The big question is, “Can the service sector create enough jobs to replace those lost in the manufacturing sector, and earn enough foreign currency to stop incurring a trade deficits? “Vested interests tell us we can, and not to worry. However, the correct answer is no - never, and we should be very concerned at the loss of manufacturing. To start with, the absolute values of goods and services exported are vastly different. For example, in the UK, where the service sector is strong (80% of GDP), the value of service exports is only about a third of the value of manufactured goods. Therefore, the service sector has to grow significantly to offset any contraction in manufacturing. Furthermore, the UK’s service surplus is limited to financial, engineering and computing services, where current competition is limited, coming only from the US, Germany and Japan. It’s foolish to believe this surplus will keep making up for deficits in manufacturing. Competition will increase, not only from current competitors but from emerging economies like India as a potential software giant. What’s more, a shrinking manufacturing base limits the development of multi-disciplinary expertise associated with an industry, reducing service exports further. Brexit may also adversely affect the UK’s financial services. Advances in AI (Artificial Intelligence) may negatively impact service exports. Highly technical jobs with numerous inputs and possible outputs, which previously required highly qualified individuals, are ideally suited to AI, as computers can “crunch” far more possibilities, with a higher degree of accuracy. They are also capable of making “intelligent” decisions based on these possibilities. Computers will give us productivity gains which humans cannot, thereby reducing service export potential.
There are many disadvantages associated with services, particularly its low tradability and limited productivity growth. Most services are non-tradable so a strong service sector in comparison with manufacturing will mean poor exports and a balance of payment deficit. A balance of payment deficit limits the country’s ability to import technologies which will enable it to compete more effectively, which in turn leads to slower growth. Manufacturing lends itself to mechanisation and therefore, productivity gains, whereas it’s difficult to improve service productivity without loss of quality. For example, a waiter may serve five tables well but ten poorly. Productivity is gained at the loss of quality. The same applies to exportable services. Markets require productivity gains with no loss in quality. This is difficult to achieve for services. Consequently, when an economy becomes dominated by the service sector, productivity growth will be low - the whole economy slows down.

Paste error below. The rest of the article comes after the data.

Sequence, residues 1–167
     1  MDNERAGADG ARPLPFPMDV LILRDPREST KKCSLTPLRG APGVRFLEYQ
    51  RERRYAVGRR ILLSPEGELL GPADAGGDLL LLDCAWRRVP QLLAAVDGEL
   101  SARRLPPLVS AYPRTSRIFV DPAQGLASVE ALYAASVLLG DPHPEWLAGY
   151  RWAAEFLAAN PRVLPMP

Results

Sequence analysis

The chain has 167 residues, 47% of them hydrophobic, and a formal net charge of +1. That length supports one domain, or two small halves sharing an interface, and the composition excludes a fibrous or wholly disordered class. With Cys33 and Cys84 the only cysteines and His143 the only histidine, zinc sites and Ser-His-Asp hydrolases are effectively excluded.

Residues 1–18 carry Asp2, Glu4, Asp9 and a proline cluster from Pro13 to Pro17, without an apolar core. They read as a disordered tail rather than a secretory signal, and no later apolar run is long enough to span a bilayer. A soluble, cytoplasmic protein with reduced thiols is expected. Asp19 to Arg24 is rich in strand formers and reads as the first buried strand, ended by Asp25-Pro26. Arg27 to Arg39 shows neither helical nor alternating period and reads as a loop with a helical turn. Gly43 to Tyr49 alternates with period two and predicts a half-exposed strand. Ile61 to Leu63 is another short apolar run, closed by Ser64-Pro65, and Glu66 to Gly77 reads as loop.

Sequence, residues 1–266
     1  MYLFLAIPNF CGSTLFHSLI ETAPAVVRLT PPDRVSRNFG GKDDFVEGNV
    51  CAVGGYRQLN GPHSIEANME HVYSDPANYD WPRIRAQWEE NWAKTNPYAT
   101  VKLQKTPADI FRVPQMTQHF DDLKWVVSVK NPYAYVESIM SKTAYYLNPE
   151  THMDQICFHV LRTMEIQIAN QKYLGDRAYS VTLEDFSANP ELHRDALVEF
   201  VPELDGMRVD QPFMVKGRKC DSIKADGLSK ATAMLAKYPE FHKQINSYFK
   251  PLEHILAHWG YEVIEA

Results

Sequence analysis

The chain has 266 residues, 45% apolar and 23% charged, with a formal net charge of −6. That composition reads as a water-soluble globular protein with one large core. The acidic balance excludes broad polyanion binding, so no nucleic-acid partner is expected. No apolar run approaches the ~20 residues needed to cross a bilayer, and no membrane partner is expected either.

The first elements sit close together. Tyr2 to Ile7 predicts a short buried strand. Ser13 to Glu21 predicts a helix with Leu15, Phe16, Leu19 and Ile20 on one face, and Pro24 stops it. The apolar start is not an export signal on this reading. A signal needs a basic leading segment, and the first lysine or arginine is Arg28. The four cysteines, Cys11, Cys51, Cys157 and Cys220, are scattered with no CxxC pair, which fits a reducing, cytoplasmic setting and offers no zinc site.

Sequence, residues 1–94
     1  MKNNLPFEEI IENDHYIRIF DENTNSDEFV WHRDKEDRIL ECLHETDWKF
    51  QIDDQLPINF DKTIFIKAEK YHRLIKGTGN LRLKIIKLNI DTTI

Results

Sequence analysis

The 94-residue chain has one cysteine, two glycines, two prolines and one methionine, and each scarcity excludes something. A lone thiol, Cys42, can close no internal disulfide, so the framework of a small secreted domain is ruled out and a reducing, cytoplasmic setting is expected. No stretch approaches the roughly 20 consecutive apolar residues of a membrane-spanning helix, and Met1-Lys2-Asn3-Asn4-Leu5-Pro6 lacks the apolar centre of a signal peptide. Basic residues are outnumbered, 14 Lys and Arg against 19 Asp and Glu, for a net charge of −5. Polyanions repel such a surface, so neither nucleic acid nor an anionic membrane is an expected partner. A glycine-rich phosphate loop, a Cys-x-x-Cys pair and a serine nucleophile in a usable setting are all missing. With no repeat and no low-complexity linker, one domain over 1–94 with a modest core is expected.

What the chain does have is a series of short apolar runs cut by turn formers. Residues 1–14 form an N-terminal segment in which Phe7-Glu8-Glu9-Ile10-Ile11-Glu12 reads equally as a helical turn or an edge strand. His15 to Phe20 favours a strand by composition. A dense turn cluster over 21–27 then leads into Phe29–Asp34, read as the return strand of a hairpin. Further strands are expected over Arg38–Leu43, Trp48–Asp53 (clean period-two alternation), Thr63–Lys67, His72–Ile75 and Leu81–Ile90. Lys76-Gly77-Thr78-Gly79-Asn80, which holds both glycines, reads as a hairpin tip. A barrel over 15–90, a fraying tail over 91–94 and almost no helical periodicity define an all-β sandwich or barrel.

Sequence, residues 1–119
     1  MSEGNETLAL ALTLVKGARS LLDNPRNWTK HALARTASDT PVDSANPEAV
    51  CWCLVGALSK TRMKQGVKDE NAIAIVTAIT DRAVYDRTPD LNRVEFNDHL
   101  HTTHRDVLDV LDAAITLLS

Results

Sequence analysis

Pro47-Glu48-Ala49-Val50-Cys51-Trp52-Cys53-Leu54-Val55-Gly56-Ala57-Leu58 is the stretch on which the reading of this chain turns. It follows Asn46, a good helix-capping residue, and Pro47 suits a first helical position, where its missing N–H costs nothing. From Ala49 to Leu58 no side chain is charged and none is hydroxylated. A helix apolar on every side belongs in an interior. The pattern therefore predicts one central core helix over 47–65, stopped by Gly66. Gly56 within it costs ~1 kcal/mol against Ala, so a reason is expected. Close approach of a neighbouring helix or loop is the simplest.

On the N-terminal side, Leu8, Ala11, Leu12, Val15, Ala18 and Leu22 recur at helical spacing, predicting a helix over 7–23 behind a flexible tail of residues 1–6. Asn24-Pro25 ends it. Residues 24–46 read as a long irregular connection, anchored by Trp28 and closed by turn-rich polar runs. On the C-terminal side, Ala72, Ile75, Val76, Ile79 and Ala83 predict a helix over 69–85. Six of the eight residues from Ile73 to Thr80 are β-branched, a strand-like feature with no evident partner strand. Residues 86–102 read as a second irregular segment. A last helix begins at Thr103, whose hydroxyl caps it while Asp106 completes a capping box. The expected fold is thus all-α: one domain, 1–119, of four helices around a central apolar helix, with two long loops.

Because service exports are limited to specialised fields with limited productivity growth and earned in an uncompetitive market (which will soon become increasingly more competitive,) and with rapidly developing AI technologies, service exports will shrink, not grow. The only question we need to answer is, “by how much?”
Importance of manufacturing.
We are consumers and will remain so. This requires manufacturing. So manufacturing will always play a major role in our economic life. We will either have to make it or import it. The more we produce, the more money remains in the national economy. The more direct and indirect jobs we create. Local service providers spring up around manufacturing facilities. These local service providers, although essential to the economy, have no impact on exports. Services, generally, evolve around manufacturing, so services cannot “overtake” the importance of manufacturing. Services will grow and become more significant, but never in a leading role - that role belongs to manufacturing. This, I believe, is the fundamental relationship between manufacturing and services. Manufacturing provides the leading edge in every economy, and always will. Manufacturing induces economic activity across a broad front. Services don’t. Therefore, to lose ones manufacturing base is a grave mistake. The economy which retains the largest manufacturing base will have the strongest economy, and vice versa.
So, to claim its good for us, and a natural progression (in developed economies) to move from a manufacturing base to a service-base is wrong. Its the language used to promote free markets and globalisation. It’s supposedly “sophisticated and modern” to think in these terms, but it’s extremely misleading and harmful. They paint the picture that manufacturing is a low-level endeavour (dirty, mucky, unsophisticated) better suited to developing countries, not modern, sophisticated countries. Nothing could be further from the truth.
Copyright © Adrian Mark Dore 2019.